When Media Go To War

Anthony DiMaggio

A more modern update of the Chomsky-Herman propaganda model as seen through the lens of the George W. Bush and Barack Obama incursions into the middle east during the early to late Aughts, showing in the least that the propaganda model is still alive and well. It is somewhat of an easy target though, as how most of the information leading to the middle-eastern invasions being mostly lies was already a known quantity after 02004 and 02005.

It is interesting for its notable (but somewhat limited) studies into how when juggling between the positions of powered interests and greater public opinion, mainstream media systems and similar elite media systems will tend to lag behind the representation of greater public opinion by at least two to four years, but it could not conclude if this was due to active suppression by powerful interests, or if it was just the slow-moving inertia of a large and disperse system. It also solidifies the propaganda model as a system of analysis from without, rather than from within.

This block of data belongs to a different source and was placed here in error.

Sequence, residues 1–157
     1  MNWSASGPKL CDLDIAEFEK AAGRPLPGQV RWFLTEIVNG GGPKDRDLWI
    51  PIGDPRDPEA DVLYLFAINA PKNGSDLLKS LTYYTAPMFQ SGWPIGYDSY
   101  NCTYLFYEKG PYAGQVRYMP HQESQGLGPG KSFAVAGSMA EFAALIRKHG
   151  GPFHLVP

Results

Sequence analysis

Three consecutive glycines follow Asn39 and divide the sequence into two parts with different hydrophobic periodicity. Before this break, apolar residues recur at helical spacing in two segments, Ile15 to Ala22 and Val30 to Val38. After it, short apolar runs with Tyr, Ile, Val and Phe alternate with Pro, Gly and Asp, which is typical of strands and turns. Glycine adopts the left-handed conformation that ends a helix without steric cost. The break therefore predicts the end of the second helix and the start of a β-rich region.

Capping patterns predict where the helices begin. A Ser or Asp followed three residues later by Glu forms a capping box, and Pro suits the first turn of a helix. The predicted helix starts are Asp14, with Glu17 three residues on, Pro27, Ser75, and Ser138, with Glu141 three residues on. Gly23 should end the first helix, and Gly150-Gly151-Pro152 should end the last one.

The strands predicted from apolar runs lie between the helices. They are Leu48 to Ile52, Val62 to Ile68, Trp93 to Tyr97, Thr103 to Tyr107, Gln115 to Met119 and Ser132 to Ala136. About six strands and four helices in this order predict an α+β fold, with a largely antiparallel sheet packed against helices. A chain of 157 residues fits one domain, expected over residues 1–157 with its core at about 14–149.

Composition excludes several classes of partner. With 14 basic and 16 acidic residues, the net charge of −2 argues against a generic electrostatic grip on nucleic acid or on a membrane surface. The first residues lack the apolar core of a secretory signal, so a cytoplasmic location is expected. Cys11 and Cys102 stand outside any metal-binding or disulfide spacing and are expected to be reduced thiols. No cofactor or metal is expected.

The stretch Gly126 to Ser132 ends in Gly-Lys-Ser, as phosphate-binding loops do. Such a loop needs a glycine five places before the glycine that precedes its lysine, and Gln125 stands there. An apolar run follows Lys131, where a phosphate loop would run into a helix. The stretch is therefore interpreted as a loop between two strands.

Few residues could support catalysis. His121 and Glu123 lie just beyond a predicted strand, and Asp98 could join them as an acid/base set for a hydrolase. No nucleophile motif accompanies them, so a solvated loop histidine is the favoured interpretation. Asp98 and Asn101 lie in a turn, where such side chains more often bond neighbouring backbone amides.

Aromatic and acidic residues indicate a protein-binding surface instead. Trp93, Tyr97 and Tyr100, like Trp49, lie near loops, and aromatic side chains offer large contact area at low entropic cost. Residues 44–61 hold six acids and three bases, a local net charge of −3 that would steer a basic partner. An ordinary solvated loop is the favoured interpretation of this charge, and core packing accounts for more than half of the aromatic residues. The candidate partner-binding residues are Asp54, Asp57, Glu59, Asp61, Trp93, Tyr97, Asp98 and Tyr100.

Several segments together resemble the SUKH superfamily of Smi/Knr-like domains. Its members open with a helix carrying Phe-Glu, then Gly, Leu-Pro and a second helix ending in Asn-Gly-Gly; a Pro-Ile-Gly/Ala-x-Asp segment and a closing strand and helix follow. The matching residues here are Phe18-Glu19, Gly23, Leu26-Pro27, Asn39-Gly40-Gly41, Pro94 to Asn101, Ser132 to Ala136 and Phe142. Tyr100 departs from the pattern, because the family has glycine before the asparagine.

I think the scholarship into the public relations industry has an interesting theoretical capacity. It could, in theory, document the effectiveness of government media control in a much more wholesale way than the pure-bred Chomskyists could accomplish on their own. Fortunately or not, the Chomsky school of media criticism might retain a certain level of favouritism that the other school could never muster, simply because public relations scholarship risks becoming as untrustworthy as the thing it inspects.

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